Can Research Design Explain Variation in Head Start Research Results?

Hilary M. Shager
University of Wisconsin-Madison
Holly A. Schindler
University of Washington, Seattle
Katherine A. Magnuson
University of Wisconsin-Madison
Greg J. Duncan
UC Irvine
Hirokazu Yoshikawa
Harvard University
Cassandra M. D. Hart
UC Davis

The recognition that school-entry academic skills of poor children lag well behind those of their more advantaged peers has focused attention on early childhood education (ECE) as a potential vehicle for remediating early achievement gaps. The proliferation of high quality evaluations of ECE programs can yield important information about differences in the effectiveness of particular program models, but only if we understand the context of ECE research and are confident that divergent findings reflect meaningful differences in program effectiveness rather than technical differences in study design.

In our article, “Can Research Design Explain Variation in Head Start Research Results? A Meta-Analysis of Cognitive and Achievement Outcomes,” we use meta-analysis, a method of quantitative research synthesis, to estimate the short-term cognitive and achievement impacts of Head Start, a federally funded early education program for low-income children. In particular, we are interested whether research design plays a role in predicting these impacts. Our study sample includes 28 rigorous Head Start evaluations conducted between 1965 and 2007.  To combine findings across studies, estimates were transformed into a common metric, an effect size, which expresses differences between treatment and control groups as a fraction of the standard deviation of the given outcome.

Overall, we find a statistically significant average effect size of 0.27, suggesting that Head Start is effective in improving children’s short-term cognitive and achievement outcomes, and that the magnitude of Head Start’s impacts are similar to those of other ECE programs. Specifically, this effect size is smaller than the short-term cognitive effect sizes found in evaluations of more intensive ECE programs (e.g., Perry Preschool), but within the range of the overall average effect sizes on cognitive outcomes found in meta-analyses including a wider set of ECE programs.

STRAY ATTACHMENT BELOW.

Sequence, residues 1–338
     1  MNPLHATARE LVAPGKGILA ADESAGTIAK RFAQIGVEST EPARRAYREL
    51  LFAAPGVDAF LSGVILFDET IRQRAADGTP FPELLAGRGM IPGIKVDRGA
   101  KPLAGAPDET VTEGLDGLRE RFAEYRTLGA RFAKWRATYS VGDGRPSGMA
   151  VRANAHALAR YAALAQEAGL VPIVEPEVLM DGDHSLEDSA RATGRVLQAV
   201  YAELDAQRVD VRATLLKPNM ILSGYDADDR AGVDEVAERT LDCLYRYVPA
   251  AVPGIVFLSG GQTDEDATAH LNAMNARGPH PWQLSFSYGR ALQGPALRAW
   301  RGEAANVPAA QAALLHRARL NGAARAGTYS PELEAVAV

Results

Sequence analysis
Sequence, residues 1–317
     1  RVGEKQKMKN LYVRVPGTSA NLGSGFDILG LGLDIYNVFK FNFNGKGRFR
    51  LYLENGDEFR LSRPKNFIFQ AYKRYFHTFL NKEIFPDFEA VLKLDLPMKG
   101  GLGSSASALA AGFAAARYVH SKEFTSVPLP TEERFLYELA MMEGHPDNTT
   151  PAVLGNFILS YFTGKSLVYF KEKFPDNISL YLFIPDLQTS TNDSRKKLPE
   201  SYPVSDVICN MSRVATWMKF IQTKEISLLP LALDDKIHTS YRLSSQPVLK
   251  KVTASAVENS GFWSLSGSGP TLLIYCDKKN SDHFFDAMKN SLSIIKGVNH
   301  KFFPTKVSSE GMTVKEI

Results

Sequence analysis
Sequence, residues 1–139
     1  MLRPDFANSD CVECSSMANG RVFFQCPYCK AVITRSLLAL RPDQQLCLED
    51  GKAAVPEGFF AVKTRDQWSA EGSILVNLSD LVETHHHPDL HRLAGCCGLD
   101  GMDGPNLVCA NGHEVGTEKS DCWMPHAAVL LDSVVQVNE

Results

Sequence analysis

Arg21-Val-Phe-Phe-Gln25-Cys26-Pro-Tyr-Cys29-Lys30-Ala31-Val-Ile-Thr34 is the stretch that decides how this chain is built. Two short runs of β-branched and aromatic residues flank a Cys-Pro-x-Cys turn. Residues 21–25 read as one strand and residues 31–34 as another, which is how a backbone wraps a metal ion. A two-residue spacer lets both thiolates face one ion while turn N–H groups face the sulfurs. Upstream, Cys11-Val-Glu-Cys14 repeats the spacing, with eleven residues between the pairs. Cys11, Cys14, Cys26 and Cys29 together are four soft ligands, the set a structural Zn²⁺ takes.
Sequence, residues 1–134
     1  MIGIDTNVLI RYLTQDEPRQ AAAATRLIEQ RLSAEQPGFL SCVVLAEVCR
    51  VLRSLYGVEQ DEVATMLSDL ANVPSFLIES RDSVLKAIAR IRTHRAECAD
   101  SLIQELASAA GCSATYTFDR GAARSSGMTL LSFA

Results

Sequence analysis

We also find that several research design factors significantly predict differences in effect sizes. The largest difference relates to what kind of alternative to Head Start the control group experiences.  In particular, studies with an “active” control group—one in which children experienced other forms of center-based education and care—produce smaller effect sizes than studies in which the control group is “passive” (i.e., received no alternative ECE).

Today, almost 70% of 4-year-olds and 40% of 3-year-olds attend some form of ECE; thus, an active control group is likely to be the norm. As a result, Head Start evaluations in communities where many of the control group children have access to other ECE programs are likely to produce substantially smaller effect sizes than those in communities where there are few other ECE programs available. Such a pattern of small or even null effect sizes does not indicate that Head Start is ineffective, but follows from the fact that an array of other public and private ECE programs are both accessible and effective in improving low-income children’s cognitive and achievement outcomes.  It also suggests that it is misguided to compare the effectiveness of other program models to Head Start if the activity level of the control group is likely to differ.

Consistent with previous research, we also find that skills more closely aligned with ECE curriculum such as early reading, early math, and letter recognition skills appear to be more sensitive to Head Start attendance than a broader set of cognitive skills such as IQ, vocabulary, and attention, which are less sensitive to classroom instruction. This finding has important implications for designers and evaluators of ECE programs; namely, that expectations for effects on omnibus measures such as vocabulary or IQ should be tempered. Our finding that less reliable dependent measures yield larger effect sizes also argues for considering the quality of the measures when interpreting program evaluation results.

The full study is in Shager, H., et al, “Can Research Design Explain Variation in Head Start Research Results? A Meta-Analysis of Cognitive and Achievement Outcomes, “ Educational Evaluation and Policy Analysis, March 2013 vol. 35 no. 1, 76-95.


Suggested citationDuncan, G. J., Hart, . M. D., Magnuson, K. A., Schindler, H. A., Shager, H. M., & Yoshikawa, H. (2013, May). Can Research Design Explain Variation in Head Start Research Results? [Commentary[. Policy Analysis for California Education.